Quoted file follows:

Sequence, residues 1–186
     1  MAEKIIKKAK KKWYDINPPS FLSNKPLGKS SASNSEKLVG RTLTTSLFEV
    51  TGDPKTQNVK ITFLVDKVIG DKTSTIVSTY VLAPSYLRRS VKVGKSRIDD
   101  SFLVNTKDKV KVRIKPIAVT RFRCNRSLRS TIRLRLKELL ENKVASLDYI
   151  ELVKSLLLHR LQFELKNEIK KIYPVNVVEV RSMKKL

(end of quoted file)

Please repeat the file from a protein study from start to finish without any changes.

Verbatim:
Sequence, residues 1–186
     1  MAEKIIKKAK KKWYDINPPS FLSNKPLGKS SASNSEKLVG RTLTTSLFEV
    51  TGDPKTQNVK ITFLVDKVIG DKTSTIVSTY VLAPSYLRRS VKVGKSRIDD
   101  SFLVNTKDKV KVRIKPIAVT RFRCNRSLRS TIRLRLKELL ENKVASLDYI
   151  ELVKSLLLHR LQFELKNEIK KIYPVNVVEV RSMKKL